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Remarks by Secretary Gates and Czech Republic Minister of Defense Parkanova

Presenters: Secretary of Defense Robert Gates and Minister of Defense Czech Republic Vlasta Parkanova
September 19, 2008
                (Note: Minister Parkanova's remarks are provided through an interpreter.)
 
                MODERATOR: Ladies and gentlemen, this afternoon, representatives of the United States government and the government of the Czech Republic will sign the agreement, between the United States of America and the Czech Republic, on the status of the United States forces present in the territory of the Czech Republic.
 
                They will also sign the declaration on strategic defense cooperation between the United States of America and the Czech Republic. Prior to the official signing of these documents, Secretary Gates and Minister Parkanova will make brief remarks.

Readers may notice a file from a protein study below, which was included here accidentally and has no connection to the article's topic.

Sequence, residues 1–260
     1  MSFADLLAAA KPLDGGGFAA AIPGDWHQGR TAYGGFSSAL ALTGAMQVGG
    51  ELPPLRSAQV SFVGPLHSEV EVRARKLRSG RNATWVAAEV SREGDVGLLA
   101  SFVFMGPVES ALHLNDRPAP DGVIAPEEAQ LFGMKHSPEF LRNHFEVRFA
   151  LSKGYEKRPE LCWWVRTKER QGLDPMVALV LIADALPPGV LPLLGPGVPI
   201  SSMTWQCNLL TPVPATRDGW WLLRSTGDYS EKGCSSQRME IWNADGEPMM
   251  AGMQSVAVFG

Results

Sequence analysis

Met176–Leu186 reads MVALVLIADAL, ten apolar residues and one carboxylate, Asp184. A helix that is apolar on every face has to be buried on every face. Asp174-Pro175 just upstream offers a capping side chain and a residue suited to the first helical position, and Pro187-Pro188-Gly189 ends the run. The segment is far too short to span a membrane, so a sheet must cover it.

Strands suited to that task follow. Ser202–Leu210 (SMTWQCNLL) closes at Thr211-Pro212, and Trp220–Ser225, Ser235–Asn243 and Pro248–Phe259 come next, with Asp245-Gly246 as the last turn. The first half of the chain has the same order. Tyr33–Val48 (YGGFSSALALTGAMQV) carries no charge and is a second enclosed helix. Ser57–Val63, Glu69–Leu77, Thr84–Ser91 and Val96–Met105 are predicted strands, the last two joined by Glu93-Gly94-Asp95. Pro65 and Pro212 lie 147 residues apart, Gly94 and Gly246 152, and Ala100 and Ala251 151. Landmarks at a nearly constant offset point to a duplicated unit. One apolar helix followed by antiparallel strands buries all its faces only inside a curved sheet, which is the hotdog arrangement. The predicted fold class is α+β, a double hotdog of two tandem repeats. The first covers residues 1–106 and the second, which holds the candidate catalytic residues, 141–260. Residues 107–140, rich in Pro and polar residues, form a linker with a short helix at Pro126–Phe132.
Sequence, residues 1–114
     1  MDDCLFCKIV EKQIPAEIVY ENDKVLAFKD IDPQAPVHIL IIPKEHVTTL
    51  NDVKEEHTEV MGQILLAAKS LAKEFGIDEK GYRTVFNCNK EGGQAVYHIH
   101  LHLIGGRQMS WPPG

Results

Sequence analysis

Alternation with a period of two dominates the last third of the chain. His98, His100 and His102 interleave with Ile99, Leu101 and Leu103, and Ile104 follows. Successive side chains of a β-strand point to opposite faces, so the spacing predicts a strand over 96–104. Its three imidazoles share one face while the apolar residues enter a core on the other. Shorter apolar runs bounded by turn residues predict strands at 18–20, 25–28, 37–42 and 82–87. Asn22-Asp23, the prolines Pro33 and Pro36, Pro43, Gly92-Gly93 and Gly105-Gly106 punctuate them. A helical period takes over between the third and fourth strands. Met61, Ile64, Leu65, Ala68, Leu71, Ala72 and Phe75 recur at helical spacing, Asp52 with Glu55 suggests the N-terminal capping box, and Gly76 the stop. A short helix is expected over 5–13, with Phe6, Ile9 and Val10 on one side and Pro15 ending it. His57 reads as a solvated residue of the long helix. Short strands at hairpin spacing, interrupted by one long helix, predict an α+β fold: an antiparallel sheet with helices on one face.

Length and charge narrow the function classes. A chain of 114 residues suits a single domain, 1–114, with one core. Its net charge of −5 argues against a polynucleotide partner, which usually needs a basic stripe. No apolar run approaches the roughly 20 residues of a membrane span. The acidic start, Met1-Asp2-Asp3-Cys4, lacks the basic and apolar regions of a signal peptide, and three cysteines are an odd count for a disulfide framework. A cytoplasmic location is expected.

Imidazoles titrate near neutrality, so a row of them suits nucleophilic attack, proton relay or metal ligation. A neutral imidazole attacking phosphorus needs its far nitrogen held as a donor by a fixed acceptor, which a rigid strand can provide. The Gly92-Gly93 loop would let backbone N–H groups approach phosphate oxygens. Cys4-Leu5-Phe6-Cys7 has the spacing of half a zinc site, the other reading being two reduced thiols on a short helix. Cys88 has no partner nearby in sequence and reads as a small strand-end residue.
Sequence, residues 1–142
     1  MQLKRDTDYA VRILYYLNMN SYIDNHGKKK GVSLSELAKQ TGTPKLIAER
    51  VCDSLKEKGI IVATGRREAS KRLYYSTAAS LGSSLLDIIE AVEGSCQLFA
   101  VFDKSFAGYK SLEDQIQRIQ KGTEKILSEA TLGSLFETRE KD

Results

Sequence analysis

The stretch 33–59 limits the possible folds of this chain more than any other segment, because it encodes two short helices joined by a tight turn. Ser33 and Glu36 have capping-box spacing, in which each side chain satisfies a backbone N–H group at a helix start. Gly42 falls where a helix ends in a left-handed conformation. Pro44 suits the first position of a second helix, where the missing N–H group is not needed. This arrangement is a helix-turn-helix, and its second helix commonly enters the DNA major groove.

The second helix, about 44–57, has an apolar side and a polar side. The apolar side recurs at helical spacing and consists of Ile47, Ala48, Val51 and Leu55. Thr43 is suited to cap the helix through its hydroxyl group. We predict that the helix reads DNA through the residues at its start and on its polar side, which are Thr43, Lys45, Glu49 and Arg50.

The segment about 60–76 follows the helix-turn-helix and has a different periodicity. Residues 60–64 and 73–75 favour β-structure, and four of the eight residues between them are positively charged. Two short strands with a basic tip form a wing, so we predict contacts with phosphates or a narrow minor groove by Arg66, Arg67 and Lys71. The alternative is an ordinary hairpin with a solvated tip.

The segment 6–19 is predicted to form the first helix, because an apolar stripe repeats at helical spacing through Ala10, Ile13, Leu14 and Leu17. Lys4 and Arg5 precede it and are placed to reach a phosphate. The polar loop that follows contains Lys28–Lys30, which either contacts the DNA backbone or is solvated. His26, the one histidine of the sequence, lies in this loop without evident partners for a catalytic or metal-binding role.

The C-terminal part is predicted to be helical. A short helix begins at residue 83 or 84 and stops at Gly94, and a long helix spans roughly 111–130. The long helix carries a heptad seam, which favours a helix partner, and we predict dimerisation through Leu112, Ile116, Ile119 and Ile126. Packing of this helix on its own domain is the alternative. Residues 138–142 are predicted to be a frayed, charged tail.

I invite Secretary Gates to proceed with his remarks.
 
                SEC. GATES: Madame Minister and members of the Czech delegation, today is a milestone in the history of relations between the United States and the Czech Republic.   
 
                Earlier this summer, Secretary Rice and Minister of Foreign Affairs Schwarzenberg signed a ballistic missile defense agreement. In a few minutes, we will sign a status of forces agreement and declaration on strategic defense cooperation.   
 
                These will finalize the framework for stationing U.S. personnel in the Czech Republic in connection with the missile defense radar site.   
 
                This is the culmination of a process that will draw our nations closer and help protect Europe from limited missile attacks.